Little information is available about surgical outcomes in patients with multivalvular endocarditis. The aim of this article is to review the 21-year experience with surgical treatment of patients with multivalvular endocarditis at our institution and, in particular, to determine the incidence, pathologic status, diagnosis, surgical strategies, and outcomes of patients with this disease.Methods:
From January 1986 to December 2006, a total of 48 patients (40 men, 8 women), with a mean age of 42 ± 12 years, underwent surgery for multivalvular endocarditis. Endocarditis was active in 32 patients and healed in 16. Preoperative transthoracic echocardiographic evaluation was performed in all 48 patients with addition of transesophageal echocardiography in 22 (45.8%). Intraoperative findings showed that the endocarditis involved mostly the mitral and aortic valves (40/48 patients). Triple or quadruple valve involvement was found in 1 and 2 patients, respectively. Preoperative, perioperative, and postoperative data were retrospectively analyzed and risk factors for early and late survival were determined.Results:
In only 24 (50.0%) patients was multivalvular endocarditis diagnosed by preoperative transthoracic echocardiography; 17 (77.3%) patients had multivalvular endocarditis confirmed by preoperative transesophageal echocardiography. The 30-day hospital mortality was 12.5% (n = 6). Preoperative renal failure, New York Heart Association class IV, and emergency surgery were identified as independent risk factors for hospital mortality. Overall long-term survival was 74% ± 6% at 5 years and 62% ± 3% at 10 years. Multivariate analysis revealed that renal failure and recurrent endocarditis were associated with increased late mortality. Ten-year freedom from recurrent endocarditis was 74% ± 5% and 10-year freedom from reoperation was 73% ± 6%.Conclusions:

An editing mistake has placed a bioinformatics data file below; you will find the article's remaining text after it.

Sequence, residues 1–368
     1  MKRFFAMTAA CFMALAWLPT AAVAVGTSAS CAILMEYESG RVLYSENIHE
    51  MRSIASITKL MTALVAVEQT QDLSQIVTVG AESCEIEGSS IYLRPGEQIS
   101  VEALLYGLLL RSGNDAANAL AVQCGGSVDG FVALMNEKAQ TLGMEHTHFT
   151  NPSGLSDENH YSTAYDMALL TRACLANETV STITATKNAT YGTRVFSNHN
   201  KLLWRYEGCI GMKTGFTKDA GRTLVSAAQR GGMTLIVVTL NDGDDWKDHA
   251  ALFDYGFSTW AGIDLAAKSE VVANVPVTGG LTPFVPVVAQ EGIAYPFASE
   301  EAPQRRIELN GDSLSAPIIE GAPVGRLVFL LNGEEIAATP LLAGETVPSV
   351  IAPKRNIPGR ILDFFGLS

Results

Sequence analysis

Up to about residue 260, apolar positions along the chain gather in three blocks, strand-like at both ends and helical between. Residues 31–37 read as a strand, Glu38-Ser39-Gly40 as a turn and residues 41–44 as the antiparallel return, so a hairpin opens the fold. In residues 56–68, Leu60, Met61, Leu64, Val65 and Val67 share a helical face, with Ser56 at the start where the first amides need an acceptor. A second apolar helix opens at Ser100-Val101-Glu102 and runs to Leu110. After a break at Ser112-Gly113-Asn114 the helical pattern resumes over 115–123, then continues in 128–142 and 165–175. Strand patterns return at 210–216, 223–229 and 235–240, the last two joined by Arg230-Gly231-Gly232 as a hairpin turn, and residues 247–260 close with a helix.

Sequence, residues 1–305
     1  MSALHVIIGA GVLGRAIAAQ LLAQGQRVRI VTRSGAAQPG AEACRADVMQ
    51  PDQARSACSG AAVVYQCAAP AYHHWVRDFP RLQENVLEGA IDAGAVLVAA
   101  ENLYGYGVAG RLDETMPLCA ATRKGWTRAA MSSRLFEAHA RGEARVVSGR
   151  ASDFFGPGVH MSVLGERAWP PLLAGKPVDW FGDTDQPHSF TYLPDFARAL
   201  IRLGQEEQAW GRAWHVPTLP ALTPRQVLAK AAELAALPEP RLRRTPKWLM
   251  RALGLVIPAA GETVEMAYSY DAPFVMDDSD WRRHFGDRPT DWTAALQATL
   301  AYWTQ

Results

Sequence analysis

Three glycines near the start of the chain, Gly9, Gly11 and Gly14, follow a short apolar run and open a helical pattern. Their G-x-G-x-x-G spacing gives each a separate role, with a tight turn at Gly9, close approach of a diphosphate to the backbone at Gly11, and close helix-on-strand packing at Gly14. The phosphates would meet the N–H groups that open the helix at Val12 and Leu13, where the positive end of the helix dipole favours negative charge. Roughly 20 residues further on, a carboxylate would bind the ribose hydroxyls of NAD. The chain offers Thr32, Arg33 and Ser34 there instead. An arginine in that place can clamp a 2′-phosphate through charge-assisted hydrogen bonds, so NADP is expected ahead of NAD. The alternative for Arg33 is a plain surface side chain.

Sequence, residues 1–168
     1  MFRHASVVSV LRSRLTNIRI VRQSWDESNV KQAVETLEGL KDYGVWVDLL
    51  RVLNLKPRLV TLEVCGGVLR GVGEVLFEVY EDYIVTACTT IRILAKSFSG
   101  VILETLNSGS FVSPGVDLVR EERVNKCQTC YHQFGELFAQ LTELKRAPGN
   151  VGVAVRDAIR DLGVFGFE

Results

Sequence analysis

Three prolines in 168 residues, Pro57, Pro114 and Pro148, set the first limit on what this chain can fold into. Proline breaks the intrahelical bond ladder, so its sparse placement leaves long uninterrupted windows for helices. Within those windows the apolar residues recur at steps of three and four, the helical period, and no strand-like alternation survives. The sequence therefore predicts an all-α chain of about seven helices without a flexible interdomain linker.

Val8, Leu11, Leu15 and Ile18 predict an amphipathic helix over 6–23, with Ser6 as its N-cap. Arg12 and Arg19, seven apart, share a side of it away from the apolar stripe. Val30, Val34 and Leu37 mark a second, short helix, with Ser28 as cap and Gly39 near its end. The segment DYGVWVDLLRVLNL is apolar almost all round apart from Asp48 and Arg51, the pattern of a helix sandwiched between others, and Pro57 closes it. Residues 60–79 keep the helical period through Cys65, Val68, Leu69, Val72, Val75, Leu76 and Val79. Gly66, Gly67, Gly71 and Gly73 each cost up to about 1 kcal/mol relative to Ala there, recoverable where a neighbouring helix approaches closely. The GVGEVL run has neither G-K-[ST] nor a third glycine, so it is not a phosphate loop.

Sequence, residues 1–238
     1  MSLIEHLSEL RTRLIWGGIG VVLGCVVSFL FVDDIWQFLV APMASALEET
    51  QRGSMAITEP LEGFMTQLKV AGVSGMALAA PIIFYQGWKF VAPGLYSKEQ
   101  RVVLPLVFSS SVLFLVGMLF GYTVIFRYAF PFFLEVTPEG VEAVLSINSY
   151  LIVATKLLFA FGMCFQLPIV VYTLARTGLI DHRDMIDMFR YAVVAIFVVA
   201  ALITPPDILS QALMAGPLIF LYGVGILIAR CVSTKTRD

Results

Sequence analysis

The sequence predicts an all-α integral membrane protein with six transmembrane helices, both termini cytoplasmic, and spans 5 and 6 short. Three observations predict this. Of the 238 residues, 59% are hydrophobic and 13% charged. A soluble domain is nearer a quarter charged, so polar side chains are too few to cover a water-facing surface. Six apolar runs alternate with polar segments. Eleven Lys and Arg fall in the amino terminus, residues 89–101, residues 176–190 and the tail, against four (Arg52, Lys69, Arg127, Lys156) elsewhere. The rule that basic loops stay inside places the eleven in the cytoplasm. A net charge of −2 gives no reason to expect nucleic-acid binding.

In our institution, multivalvular endocarditis was diagnosed by transthoracic echocardiography in only half of the patients. Intraoperative transesophageal echocardiography provided a more effective means to identify this disease. Radical resection of all infected tissues for patients with multivalvular endocarditis and additional intraoperative interventions, depending on the intraoperative pathologic condition, produced satisfactory in-hospital and long-term results, similar to those in patients with a single infected heart valve.